IViE Homepage


I. Sentences

(1) Simple statements:

1. We live in Ealing.
2. You remembered the lillies.
3. We arrived in a limo.
4. They are on the railings.
5. We were in yellow.
6. He is on the lilo.
7. You are feeling mellow.
8. We were lying.

(2) Questions without morphosyntactic markers:

1. He is on the lilo?
2. You remembered the lillies?
3. You live in Ealing?

(3) Inversion questions:

1. May I lean on the railings?
2. May I leave the meal early?
3. Will you live in Ealing?

(4) WH-Questions:

1. Where is the manual?
2. When will you be in Ealing?
3. Why are we in a limo?

(5) Coordinations:

1. Are you growing limes or lemons?
2. Is his name Miller or Mailer?
3. Did you say mellow or yellow?
4. Do you live in Ealing or Reading?
5. Did he say lino or lilo?

II. The Cinderella Passage

Once upon a time there was a girl called Cinderella. But everyone called her Cinders. Cinders lived with her mother and two stepsisters called Lily and Rosa. Lily and Rosa were very unfriendly and they were lazy girls. They spent all their time buying new clothes and going to parties. Poor Cinders had to wear all their old hand-me-downs! And she had to do the cleaning!

One day, a royal messenger came to announce a ball. The ball would be held at the Royal Palace, in honour of the Queen¹s only son, Prince William. Lily and Rosa thought this was divine. Prince William was gorgeous, and he was looking for a bride! They dreamed of wedding bells!
When the evening of the ball arrived, Cinders had to help her sisters get ready. They were in a bad mood. They'd wanted to buy some new gowns, but their mother said that they had enough gowns. So they started shouting at Cinders. 'Find my jewels!' yelled one. 'Find my hat!' howled the other. They wanted hairbrushes, hairpins and hair spray.

When her sisters had gone, Cinders felt very down, and she cried. Suddenly, a voice said: 'Why are you crying, my dear?'. It was her fairy godmother!
The girl poured her heart out: 'Lily and Rosa have it all!' she cried, 'even though they're awful, and fat, and they're dull! And I want to go to the ball, and meet Prince William!'

'You will, won¹t you?' laughed her fairy godmother. 'Go into the garden and find me a pumpkin'. Cinders went, and found a splendid pumpkin which the fairy changed into a dazzling carriage.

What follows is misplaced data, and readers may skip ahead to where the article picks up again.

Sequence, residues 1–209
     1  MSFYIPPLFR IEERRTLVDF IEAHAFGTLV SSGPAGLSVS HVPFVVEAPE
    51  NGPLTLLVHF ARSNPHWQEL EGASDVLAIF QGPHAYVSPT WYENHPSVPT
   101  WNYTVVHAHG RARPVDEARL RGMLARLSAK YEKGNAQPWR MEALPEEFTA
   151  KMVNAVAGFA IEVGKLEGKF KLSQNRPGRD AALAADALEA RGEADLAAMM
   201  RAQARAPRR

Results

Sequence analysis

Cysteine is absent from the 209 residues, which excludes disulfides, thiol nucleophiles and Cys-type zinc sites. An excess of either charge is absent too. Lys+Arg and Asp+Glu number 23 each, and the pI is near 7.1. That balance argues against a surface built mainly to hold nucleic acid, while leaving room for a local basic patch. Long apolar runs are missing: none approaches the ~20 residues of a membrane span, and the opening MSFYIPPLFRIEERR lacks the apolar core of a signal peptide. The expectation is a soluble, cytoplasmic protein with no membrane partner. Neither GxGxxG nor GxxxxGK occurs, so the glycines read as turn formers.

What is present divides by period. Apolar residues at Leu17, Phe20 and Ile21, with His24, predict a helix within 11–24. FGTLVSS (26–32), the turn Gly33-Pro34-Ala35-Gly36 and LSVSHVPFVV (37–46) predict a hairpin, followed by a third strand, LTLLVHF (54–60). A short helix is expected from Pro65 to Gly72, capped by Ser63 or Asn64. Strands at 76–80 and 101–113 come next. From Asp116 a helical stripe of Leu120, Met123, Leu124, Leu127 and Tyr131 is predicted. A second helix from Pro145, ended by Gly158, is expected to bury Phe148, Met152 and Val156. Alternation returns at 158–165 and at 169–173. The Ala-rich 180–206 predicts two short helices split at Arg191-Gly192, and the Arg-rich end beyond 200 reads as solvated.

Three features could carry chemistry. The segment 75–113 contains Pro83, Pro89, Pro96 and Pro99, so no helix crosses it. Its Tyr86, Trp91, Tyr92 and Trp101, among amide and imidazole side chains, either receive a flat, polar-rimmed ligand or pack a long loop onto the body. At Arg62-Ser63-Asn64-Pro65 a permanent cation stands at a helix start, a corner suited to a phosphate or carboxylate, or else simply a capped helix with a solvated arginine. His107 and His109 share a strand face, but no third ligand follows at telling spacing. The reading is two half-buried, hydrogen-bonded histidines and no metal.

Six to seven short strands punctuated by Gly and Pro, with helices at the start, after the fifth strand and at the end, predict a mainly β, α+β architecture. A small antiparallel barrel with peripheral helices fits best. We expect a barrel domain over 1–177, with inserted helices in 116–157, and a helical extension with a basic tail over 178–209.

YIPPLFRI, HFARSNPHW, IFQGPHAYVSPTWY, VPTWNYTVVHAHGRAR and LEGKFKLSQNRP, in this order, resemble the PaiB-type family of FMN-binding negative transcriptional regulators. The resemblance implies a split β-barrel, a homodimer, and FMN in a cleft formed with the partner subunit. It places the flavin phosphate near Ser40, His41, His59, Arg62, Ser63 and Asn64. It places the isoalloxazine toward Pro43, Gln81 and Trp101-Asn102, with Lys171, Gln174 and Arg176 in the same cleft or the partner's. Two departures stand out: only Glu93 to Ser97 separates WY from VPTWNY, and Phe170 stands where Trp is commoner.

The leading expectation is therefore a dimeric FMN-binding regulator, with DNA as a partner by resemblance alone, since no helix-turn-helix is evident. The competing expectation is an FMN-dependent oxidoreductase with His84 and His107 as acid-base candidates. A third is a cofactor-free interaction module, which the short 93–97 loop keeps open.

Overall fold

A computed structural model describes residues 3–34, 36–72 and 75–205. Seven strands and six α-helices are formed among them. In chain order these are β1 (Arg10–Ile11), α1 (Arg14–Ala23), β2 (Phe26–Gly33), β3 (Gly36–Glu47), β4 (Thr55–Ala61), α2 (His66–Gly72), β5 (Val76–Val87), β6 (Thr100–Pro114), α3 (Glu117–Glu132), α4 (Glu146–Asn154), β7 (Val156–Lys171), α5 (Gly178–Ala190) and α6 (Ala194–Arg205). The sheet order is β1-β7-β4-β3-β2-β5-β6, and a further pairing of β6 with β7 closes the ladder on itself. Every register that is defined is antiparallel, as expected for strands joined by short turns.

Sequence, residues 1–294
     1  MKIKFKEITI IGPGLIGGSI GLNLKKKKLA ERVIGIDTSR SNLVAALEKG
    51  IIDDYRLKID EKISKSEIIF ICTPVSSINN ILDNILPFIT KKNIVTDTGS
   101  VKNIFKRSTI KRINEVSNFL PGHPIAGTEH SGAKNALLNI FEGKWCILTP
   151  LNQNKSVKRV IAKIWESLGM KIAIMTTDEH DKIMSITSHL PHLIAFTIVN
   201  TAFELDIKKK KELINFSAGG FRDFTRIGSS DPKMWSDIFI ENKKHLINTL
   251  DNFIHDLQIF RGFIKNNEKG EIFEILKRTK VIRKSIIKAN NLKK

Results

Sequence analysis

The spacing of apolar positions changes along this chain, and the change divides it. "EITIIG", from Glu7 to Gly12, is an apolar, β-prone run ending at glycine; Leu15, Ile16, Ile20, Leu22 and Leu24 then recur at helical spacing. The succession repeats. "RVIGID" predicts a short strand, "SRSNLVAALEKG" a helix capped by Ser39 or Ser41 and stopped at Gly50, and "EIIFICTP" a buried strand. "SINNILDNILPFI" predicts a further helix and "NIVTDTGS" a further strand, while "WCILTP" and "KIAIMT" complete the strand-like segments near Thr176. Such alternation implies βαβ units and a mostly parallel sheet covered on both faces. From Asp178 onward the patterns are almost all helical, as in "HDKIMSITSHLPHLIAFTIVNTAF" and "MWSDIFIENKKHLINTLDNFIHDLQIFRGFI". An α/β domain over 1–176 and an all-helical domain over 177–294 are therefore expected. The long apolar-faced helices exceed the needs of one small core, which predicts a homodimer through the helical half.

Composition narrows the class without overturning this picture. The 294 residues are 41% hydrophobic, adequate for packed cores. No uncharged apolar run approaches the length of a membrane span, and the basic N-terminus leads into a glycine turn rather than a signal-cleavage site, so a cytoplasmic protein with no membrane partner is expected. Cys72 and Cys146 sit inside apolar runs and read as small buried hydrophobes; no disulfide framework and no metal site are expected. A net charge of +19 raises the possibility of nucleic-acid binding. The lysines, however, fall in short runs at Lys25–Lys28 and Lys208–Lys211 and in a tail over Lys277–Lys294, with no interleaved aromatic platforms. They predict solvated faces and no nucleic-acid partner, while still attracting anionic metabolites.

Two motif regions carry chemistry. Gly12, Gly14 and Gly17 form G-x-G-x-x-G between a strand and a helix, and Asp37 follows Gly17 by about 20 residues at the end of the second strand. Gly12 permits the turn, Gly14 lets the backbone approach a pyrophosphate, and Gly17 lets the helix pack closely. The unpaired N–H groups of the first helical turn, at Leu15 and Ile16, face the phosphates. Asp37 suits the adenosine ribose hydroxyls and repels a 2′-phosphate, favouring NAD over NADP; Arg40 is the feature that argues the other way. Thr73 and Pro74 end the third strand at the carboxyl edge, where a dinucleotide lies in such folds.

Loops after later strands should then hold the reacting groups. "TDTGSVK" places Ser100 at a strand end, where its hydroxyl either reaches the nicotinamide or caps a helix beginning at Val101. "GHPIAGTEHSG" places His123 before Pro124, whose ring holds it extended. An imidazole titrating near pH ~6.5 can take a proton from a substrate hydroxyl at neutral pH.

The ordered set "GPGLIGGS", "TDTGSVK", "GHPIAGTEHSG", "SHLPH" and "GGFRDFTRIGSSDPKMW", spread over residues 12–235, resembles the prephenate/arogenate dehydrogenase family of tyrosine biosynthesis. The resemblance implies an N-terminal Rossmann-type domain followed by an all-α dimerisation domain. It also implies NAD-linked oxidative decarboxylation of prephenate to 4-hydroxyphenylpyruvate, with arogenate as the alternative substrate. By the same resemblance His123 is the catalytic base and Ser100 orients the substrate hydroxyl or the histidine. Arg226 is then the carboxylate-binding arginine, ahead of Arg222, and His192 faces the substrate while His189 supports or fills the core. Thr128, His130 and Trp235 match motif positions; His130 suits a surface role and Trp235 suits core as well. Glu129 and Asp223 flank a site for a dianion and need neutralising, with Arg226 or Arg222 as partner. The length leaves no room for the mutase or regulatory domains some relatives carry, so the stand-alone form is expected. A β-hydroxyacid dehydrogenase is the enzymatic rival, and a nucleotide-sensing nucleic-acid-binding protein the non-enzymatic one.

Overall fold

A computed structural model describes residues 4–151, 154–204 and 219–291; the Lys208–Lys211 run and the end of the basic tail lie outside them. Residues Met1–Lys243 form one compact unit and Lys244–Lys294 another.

'Now bring me four white mice,' the godmother said. The girl went, and found one... two...three...four mice. The fairy godmother changed the mice into four lovely horses to pull the carriage.

Then the girl looked at her old rags. 'Oh dear!' she sighed. 'Where will I find something to wear? I don't have a gown!' 'Hmmm...' said the fairy : 'Let's see, what do you need? You'll need a ballgown... you need jewellery... you need shoes, and... something needs to be done about your hair. And would you like a blue gown or a green gown?'

For the third time, Cinders' godmother waved her magic wand. A ballgown, a robe and jewels appeared. And there were some elegant glass slippers. 'You look wonderful,' her fairy godmother said, smiling. 'Just remember one thing - the magic only lasts until midnight!' And off Cinders went to the ball.

In the Royal Palace, everyone was amazed by the radiant girl in the beautiful ballgown. 'Who is she?' they asked. Prince William thought Cinders was the most beautiful girl he had ever seen. 'Have we met?' he asked. 'And may I have the honour of this dance?'

Prince William and Cinders danced for hours. Cinders was so glad that she failed to remember her fairy godmother¹s warning. Suddenly the clock chimed midnight! Cinders ran from the ballroom. 'Where are you going?' Prince William called. In her hurry, Cinders lost one of her slippers. The Prince wanted to find Cinderella, but he couldn't find the girl. 'I don't even know her name,' he sighed. But he held on to the slipper.

After the ball, the Prince was resolved to find the beauty who had stolen his heart. The glass slipper was his only clue. So he declared: 'The girl whose foot will fit this slipper shall be my wife'. And he began to search the kingdom.

Every girl in the land was willing to try on the slipper. But the slipper was always too small. When the Royal travellers arrived at Cinders' home, Lily and Rosa tried to squeeze their feet into the slipper. But it was no use; their feet were enormous! 'Do you have any other girls?' the Prince asked Cinders' mother. 'One more,' she replied. 'Oh no,' cried Lily and Rosa. 'She is much too busy!' But the Prince insisted that all girls must try the slipper.

Cinders was embarrassed. She didn't want the Prince to see her in her old apron. And her face was dirty! 'This is your daughter?' the Prince asked, amazed. But then Cinders tried on the glass slipper, and it fitted perfectly!

The Prince looked carefully at the girl's face, and he recognised her. 'It's you, my darling isn't it?' he yelled. 'Will you marry me?' Lily and Rosa were horrified. 'It was you at the ball, Cinders?' they asked. They couldn't believe it! Then Cinders married William, and they lived happily ever after.